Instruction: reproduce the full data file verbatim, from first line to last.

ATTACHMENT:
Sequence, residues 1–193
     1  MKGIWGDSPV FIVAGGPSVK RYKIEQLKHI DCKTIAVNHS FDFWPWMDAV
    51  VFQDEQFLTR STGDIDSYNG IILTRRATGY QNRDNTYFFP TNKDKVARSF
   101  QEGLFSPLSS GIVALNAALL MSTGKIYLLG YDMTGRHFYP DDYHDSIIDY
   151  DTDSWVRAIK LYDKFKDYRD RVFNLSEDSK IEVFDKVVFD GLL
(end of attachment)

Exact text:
Sequence, residues 1–193
     1  MKGIWGDSPV FIVAGGPSVK RYKIEQLKHI DCKTIAVNHS FDFWPWMDAV
    51  VFQDEQFLTR STGDIDSYNG IILTRRATGY QNRDNTYFFP TNKDKVARSF
   101  QEGLFSPLSS GIVALNAALL MSTGKIYLLG YDMTGRHFYP DDYHDSIIDY
   151  DTDSWVRAIK LYDKFKDYRD RVFNLSEDSK IEVFDKVVFD GLL